“There were banks all over Australia scrambling on social media, worried that their customers couldn't pay for stuff, couldn’t withdraw money from an ATM,” Pym said. As soon as Up found out about the outage, the bank was able to almost instantly push a notification to customers’ phones.

“We pushed the message straight out to all of our customers within 15 minutes about finding out about the outage,” he said. “Then we communicated with our customers pro-actively every two hours.”

“Now what bank is going to tell you, ‘Hey, the systems aren't working, hey you can’t access your money right now’ but that's exactly what we did openly, and even though wasn't our fault, we took responsibility for it,” Pym said.

“We said, ‘You’re our customer, we have a duty of responsibility to you. This is the problem, this is what we're doing about it to fix it. If you need to get money, you can only get money from these places. If you need to pay for something, you can't use your card at an EFTPOS terminal. It doesn't matter which bank it is, it just doesn't work. But what you can do is use Apple Pay or Google Pay or whatever.’ So we helped our customers through that journey.”

Just as the bank was preparing to send a further push notification, it received word that the problem had been fixed. In the aftermath of the incident, Pym said, Up was inundated by messages on social media praising it for its handling of communications during the outage.

Australia’s established banks weren’t able to respond in a similar fashion either because of their platforms or their internal structures and processes, Pym said.

Banking is an industry where it often feels like there “no middle ground” when it comes to perceptions of customer service, he said: “If the customer service is not completely awesome then it's absolute crap.”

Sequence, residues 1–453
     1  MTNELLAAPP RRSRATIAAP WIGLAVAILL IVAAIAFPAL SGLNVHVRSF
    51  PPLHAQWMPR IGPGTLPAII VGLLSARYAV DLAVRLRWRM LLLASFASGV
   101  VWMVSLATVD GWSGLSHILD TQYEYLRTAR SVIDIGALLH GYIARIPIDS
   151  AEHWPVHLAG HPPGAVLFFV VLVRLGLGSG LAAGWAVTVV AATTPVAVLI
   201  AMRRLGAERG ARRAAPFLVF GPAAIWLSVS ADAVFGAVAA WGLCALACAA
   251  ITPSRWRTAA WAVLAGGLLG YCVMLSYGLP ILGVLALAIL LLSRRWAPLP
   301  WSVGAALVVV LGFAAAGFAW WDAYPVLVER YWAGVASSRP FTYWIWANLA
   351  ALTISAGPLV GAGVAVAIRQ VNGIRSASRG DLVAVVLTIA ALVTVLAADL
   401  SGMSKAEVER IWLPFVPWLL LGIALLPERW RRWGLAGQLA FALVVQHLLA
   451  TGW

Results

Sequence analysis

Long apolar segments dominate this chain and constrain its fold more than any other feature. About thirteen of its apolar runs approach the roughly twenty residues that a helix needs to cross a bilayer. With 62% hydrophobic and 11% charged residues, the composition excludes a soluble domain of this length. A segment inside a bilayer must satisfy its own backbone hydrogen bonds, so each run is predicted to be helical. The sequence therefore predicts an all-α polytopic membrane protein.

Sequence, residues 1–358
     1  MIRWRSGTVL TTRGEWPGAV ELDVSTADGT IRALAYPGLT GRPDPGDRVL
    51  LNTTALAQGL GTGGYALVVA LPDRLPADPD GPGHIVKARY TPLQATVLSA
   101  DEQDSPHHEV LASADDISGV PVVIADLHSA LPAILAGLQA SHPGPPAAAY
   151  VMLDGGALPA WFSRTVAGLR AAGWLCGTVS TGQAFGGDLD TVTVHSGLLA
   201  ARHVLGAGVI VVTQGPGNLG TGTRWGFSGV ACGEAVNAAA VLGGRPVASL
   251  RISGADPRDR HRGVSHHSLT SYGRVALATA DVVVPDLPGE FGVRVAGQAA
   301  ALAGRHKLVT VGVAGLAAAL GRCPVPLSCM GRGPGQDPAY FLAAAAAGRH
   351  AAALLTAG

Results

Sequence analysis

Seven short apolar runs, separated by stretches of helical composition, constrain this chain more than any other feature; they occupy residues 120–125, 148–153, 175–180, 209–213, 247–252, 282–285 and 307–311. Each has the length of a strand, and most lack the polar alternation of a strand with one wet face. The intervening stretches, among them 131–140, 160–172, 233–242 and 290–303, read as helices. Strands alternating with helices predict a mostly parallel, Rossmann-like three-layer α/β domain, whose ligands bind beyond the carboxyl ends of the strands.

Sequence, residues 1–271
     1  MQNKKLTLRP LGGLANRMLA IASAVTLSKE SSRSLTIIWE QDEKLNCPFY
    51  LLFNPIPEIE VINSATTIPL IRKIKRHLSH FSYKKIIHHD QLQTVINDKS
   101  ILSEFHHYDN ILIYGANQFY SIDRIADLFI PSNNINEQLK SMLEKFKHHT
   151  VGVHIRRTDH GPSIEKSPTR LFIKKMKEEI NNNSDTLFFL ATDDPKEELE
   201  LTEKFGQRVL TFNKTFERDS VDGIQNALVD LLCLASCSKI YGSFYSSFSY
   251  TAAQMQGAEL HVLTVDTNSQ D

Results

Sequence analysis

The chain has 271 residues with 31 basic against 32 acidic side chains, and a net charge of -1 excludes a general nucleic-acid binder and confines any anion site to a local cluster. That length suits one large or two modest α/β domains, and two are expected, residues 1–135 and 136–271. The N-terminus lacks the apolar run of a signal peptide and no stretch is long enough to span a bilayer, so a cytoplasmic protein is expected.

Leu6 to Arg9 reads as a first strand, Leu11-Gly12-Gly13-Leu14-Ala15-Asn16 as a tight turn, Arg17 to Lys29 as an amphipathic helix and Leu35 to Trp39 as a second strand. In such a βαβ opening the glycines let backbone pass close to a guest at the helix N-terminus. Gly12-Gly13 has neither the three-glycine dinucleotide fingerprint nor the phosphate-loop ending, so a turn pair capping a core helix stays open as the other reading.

Up has built its customer support service into its app. As a result, anyone with an account has access to 24/7 support.

Typically, responses to customer support issues in the banking sector can take between four hours and four days, Pym claimed. Up has worked to “build systems, technologies and processes to be able to communicate with our customers” in order to deliver an average response time through social media and the app of less than four minutes

“We don't have a big team; we’re less than 30 people,” Pym said. As a result, the bank has invested heavily in automation. However, it’s also interested in a “two way conversation” with its customers as part of developing a feedback loop to help drive ongoing development.

The bank has a public roadmap (dubbed ‘The Tree of Up’) that outlines its plans for new features and products. “We put dates on when we're going to deliver and we don’t always hit the dates,” Pym said. “We know we make mistakes like anybody else, but that level of transparency is unusual, globally, from a bank.”

Having a public roadmap, alongside the bank’s more conventional knowledge base and FAQ documents, is one way that it can reduce the burden of customer communications. But more than that it can also act as another way of engaging customers, which can then feed into Up’s design and development process, Pym said.